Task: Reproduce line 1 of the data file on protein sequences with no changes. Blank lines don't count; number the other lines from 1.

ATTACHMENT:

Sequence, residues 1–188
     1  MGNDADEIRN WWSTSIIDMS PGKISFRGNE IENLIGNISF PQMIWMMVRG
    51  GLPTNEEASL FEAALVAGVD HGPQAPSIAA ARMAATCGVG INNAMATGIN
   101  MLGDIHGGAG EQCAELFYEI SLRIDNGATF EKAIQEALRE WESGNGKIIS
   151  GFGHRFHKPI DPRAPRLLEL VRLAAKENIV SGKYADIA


Sequence, residues 1–188